People Get the Government They Deserve: The Welfare Reform Bill

I’m not going to go into the policy detail of it now, this has been covered on this and many other blogs. Suffice to say last night’s result was good news for the government, landlords, DWP jobsworths and the public/private welfare reform industry; bad news if you happen to be sick or out of work.

Bloggers, activists, people with disabilities and members of the public joined forces in a spontaneous outbreak of opposition to the Welfare Reform Bill. They lobbied Parliament, blocked London traffic, hammered the government on every last detail: who would have thought, ministers must have said to themselves, watching thousands of demonstrators in Westminster, that the cripples could put up such a fight? In an act of creativity and persistence, the activists got hold of the responses to the DWP’s consultation through a freedom of information request, then published their own report showing that the DWP had suppressed and misrepresented responses to the consultation it had been obliged to run before legislating.

Still, we’re told that the public are with the government on this and I’m sure that’s true. But it’s not because this is long overdue reform. Similar experiments have been going on since at least 1994. And let’s not pretend it’s about fraud – as if mankind has ever designed a system that doesn’t have some possibility of abuse.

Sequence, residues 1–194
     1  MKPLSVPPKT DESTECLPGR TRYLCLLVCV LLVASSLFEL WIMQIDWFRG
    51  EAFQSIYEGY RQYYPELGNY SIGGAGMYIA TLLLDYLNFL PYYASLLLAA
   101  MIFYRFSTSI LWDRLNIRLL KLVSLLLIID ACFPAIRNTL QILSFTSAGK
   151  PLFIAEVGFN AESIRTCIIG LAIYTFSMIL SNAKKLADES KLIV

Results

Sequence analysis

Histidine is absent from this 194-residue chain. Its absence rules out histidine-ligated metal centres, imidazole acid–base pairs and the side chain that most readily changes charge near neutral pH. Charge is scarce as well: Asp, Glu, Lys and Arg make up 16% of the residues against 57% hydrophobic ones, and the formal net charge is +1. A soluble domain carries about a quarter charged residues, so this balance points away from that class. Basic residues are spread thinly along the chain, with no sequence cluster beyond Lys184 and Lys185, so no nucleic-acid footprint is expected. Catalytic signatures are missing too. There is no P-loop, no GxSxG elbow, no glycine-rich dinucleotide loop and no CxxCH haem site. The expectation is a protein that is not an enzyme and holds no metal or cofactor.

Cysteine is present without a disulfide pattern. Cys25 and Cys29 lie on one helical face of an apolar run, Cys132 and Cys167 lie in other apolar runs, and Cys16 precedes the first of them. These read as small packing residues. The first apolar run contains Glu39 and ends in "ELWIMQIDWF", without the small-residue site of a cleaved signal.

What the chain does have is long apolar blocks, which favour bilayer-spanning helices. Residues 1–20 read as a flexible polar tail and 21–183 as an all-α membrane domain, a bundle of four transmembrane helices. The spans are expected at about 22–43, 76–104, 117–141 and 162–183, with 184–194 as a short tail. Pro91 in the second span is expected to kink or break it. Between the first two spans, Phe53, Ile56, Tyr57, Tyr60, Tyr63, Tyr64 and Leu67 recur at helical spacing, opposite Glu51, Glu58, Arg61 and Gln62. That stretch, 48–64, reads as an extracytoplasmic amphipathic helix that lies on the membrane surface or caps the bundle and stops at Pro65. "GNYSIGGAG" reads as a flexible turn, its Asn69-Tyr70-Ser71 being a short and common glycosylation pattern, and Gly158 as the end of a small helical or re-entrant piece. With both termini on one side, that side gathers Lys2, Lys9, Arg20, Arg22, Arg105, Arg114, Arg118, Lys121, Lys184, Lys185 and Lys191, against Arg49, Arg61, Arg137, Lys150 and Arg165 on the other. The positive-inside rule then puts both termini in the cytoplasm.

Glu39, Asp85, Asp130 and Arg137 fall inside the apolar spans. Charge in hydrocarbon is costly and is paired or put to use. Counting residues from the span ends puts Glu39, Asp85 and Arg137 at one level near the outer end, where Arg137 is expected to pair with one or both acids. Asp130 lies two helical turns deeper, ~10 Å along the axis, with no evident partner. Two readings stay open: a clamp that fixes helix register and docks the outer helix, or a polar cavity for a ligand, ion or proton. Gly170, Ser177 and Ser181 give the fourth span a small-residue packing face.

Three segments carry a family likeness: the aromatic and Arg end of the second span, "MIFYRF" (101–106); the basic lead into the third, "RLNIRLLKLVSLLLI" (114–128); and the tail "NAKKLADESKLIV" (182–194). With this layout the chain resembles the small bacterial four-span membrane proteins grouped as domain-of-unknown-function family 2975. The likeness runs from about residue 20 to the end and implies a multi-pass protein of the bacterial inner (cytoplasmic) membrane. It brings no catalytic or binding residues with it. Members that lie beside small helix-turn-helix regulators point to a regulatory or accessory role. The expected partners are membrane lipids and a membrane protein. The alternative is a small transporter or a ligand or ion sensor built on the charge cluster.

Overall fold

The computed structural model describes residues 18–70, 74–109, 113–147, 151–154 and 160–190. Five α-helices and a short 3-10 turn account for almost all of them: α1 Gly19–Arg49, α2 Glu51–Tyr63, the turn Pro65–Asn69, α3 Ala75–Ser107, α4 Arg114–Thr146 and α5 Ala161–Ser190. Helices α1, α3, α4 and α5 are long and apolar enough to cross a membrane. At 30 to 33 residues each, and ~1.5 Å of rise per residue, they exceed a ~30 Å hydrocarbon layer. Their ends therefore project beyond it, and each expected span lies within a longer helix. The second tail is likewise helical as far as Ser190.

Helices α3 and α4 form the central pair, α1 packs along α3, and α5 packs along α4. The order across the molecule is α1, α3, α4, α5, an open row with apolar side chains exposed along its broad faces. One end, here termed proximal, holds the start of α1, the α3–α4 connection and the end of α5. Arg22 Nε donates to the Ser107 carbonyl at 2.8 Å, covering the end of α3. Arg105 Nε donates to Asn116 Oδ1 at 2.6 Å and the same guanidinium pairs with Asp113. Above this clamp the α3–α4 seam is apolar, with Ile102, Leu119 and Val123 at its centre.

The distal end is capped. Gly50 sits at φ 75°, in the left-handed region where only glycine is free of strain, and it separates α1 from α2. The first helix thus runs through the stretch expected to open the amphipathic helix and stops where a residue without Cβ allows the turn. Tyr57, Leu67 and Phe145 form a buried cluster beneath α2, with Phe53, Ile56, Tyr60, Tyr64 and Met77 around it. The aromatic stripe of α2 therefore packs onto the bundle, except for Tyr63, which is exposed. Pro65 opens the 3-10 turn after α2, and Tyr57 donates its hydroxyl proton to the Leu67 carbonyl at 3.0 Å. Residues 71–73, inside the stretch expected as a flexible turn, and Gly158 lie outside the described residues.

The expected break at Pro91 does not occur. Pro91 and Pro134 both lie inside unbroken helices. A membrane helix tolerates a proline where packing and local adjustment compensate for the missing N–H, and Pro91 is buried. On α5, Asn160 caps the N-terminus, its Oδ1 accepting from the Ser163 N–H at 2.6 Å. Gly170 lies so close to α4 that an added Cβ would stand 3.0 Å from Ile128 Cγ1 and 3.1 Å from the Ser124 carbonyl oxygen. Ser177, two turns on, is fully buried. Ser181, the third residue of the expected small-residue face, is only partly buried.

This is a democracy, and there are a lot of people out there with a chip on their shoulder about welfare benefits. It’s easy to draw distinctions between the deserving and undeserving, between good benefits and bad benefits, and to place oneself on the appropriate side. Easier still to blame a life of frustration on others, and moan and wail to the government and the papers, than to do the hard and necessary work of change. (And if you think that this legislation will stop the wailing and moaning, you do not understand the human capacity for self pity and cruelty without risk.)

Blogger Seaneen Molloy puts it simply:

People up and down the country will be rubbing their hands in glee due to the entirely unwarranted belief they themselves will never be ill, disabled or unemployed, and, should they be, they’re one of the, ‘worthy’.

That’s it. You may believe you will never be out of work or fall ill. Or if – heaven forbid – the worst should happen, then the state will take your virtue into account. They will see you are one of the hard working families, one of the decent people, and an exception will be made in your case. Dream on. They won’t and it won’t.

It strikes me that we have spent so many years trying to figure out how to solve the problem of poverty and yet the answer is so simple. Just do not be poor. The corrupt cop in Irvine Welsh’s Filth reflects that ‘the important thing is to be on the winning side.’ That is it. The thing is to be on the helicopter leaving Saigon and not to be trapped on the burning embassy roof down below. And that’s why we hate rich liberals. If you’re in the helicopter on your way to safety, the last thing you want is a fellow passenger fretting and wringing their hands about all the people left in the imploding city and war-strafed jungle.

So yeah, I’m looking at the government, the media and the welfare reform industry. But I’m also looking around at you. You happy now?

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